Most Brits got wealthier during the COVID-19 pandemic, new research shows, boosted by increased savings and surging house prices.
Brits saw the first increase in wealth levels during a recession in 70 years despite the biggest economic contraction in over 300 years, think tank the Resolution Foundation said.
Household debts excluding credit cards have fallen by around £10bn since February 2020, while average house prices rose 8% thanks to a stamp duty holiday. Total savings rose by £200bn ($276bn) as Brits reduced spending but saw incomes protected by furlough.
The Resolution Foundation report, which was published in partnership with the Standard Life Foundation, found total UK wealth rose by £900bn during the pandemic to around £16.5trn. It was the first mid-recession wealth boom since the post-war mid-1940s.
“Many families have been forced to save rather than spend during lockdowns, while house prices have continued to soar even while working hours have plummeted," Jack Leslie, senior economist at the Resolution Foundation, said.
Leslie called it an "unlikely wealth boom". Property prices — a key source of wealth in the UK — have declined by an average of 22% during the previous four recessions.
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However, the study found widening wealth gaps. Middle- and high-wealth households managed to save more and benefit from rising house prices, but those with little or no wealth before the pandemic struggled.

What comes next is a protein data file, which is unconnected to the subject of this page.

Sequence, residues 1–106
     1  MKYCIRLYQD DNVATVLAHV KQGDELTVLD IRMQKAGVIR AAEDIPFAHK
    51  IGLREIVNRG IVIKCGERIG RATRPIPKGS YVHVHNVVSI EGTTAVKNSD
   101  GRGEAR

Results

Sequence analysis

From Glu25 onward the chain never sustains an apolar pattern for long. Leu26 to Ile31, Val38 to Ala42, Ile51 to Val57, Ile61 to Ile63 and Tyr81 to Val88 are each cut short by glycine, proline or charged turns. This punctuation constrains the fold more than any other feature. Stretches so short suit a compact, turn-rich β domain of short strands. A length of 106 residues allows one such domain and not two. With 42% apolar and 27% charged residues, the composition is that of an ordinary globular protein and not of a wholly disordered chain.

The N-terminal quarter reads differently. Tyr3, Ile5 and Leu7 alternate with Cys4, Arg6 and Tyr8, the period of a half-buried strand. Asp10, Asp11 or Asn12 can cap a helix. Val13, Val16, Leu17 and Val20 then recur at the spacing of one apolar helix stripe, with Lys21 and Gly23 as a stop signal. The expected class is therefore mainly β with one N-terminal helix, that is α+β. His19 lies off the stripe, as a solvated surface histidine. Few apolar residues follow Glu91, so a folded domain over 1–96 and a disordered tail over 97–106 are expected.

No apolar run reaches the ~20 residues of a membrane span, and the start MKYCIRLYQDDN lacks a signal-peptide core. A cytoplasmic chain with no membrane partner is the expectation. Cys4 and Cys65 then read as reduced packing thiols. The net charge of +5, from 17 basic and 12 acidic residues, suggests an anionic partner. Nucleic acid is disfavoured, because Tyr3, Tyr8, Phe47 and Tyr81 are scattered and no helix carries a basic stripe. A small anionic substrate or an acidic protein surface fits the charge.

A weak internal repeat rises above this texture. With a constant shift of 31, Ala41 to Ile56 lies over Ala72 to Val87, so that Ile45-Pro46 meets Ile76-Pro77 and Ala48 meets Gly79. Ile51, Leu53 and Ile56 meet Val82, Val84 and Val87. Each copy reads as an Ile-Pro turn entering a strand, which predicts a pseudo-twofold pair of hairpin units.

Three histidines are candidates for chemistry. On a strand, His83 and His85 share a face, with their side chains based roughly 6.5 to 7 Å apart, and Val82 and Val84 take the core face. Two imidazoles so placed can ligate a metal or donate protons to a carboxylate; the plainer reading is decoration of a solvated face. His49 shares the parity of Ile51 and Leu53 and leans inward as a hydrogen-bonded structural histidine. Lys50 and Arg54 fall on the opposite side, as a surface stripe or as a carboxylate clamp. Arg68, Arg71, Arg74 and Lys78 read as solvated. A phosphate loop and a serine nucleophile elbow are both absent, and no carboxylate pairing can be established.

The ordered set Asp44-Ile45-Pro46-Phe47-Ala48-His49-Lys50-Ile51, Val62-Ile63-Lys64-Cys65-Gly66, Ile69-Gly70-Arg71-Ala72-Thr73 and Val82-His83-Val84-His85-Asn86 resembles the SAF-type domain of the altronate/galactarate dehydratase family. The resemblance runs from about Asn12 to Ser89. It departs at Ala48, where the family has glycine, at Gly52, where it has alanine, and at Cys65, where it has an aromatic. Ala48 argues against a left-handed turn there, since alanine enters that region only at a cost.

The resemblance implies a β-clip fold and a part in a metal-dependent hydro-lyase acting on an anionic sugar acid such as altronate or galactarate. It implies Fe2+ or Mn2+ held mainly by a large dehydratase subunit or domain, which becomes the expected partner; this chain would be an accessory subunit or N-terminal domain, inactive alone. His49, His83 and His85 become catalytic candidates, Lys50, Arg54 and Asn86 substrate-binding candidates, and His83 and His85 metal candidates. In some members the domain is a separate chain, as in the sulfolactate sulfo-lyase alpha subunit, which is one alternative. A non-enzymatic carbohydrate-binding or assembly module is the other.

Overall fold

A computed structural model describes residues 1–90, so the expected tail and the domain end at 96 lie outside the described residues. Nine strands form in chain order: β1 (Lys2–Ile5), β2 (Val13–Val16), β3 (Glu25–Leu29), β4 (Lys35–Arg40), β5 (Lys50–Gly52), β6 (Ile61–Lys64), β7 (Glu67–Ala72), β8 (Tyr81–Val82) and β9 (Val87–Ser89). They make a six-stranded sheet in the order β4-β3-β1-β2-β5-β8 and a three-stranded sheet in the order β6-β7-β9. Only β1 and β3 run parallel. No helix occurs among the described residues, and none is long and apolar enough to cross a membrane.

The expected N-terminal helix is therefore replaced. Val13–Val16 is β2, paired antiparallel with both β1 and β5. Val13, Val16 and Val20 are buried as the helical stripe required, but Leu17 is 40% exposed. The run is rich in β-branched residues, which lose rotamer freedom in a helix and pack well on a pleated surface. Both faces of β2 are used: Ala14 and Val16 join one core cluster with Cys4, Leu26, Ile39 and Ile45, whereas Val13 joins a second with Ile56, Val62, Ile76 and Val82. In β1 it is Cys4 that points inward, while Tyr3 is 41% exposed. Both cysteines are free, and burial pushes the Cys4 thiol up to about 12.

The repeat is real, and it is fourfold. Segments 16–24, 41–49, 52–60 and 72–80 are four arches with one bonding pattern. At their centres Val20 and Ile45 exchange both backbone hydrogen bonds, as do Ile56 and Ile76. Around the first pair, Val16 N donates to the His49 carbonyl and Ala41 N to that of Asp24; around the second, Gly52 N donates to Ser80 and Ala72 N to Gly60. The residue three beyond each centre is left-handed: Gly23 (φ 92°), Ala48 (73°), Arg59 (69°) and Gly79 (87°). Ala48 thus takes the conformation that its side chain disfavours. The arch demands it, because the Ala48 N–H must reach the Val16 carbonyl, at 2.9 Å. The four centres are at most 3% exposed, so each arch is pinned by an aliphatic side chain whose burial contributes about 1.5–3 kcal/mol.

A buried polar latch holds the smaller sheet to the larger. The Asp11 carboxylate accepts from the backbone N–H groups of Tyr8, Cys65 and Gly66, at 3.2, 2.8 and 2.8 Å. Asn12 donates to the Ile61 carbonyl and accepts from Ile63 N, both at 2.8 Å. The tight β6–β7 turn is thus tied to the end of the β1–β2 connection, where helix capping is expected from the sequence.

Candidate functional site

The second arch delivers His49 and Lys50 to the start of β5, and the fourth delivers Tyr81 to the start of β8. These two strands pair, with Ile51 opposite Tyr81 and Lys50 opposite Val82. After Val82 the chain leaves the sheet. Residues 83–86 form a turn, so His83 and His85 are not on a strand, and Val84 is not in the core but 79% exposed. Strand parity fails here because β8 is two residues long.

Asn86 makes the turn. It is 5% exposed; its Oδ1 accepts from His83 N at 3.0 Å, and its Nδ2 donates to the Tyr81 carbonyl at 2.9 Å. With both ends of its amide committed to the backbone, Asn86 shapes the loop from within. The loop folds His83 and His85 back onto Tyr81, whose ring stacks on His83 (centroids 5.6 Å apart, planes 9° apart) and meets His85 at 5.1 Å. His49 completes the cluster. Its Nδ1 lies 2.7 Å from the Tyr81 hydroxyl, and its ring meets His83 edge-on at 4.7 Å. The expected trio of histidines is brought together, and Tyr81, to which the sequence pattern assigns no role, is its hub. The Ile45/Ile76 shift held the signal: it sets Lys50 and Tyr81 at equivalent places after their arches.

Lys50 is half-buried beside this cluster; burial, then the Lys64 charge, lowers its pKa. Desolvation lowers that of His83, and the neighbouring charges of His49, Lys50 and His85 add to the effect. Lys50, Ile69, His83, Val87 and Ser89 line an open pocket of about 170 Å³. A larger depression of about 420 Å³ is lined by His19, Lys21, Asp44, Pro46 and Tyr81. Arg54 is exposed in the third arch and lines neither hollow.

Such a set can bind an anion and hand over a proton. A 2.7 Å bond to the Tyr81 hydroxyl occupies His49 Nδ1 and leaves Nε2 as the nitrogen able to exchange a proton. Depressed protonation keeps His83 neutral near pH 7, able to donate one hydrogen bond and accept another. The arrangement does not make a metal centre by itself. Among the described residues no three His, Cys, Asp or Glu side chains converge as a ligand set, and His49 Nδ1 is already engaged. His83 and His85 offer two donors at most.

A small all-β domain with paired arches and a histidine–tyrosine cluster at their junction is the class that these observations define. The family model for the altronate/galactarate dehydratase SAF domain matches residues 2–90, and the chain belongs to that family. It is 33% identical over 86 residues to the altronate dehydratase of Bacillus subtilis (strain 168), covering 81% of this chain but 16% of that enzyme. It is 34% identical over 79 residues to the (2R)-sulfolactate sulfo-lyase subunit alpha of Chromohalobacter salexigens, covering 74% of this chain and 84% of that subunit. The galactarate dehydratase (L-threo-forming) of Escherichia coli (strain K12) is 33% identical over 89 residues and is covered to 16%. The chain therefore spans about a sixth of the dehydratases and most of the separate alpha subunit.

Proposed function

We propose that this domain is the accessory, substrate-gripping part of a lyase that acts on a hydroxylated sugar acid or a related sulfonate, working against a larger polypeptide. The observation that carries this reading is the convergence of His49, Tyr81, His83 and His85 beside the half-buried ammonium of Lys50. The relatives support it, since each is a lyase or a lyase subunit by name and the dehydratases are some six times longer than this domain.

The richest fifth of households were four times more likely to have increased savings during the crisis than the poorest fifth and over twice as likely to have reduced their debts.
Middle-wealth families experienced the biggest relative wealth increase of 9%, or £7,800, taking average total wealth to £80,500 per adult. The richest 10% of families experienced the biggest absolute wealth increase of more than £50,000.
By contrast, the poorest 30% of households saw an average wealth increase of just £86 per adult over the course of the pandemic.
"not all households have benefitted," said Leslie.
The Resolution Foundation said the gap between average household wealth and the wealthiest 10% had increased by £44,000 during the crisis. The gap between the average and the poorest 10% of households grew by £7,000.
“With policy makers facing many tough decisions in the Autumn – from protecting households as unemployment rises to paying for a decent system of social care – they can no longer afford to ignore the dominant role wealth is playing in 21st Century Britain," Leslie said.
The study said plans to cut Universal Credit (UC) by £20 a week in October will fall largely on households who haven’t seen their wealth increase. The Resolution Foundation said there was a strong case for a bigger role for wealth taxation when considering a sustainable funding model for social care.
Mubin Haq, chief executive at Standard Life Foundation, said: “The rise in wealth for those at the bottom has been paltry even taking into account the £20 a week increase in Universal Credit payments to those on the lowest incomes. Wednesday’s announcement of the cut to UC risks further widening the wealth divide which ballooned during the pandemic.”
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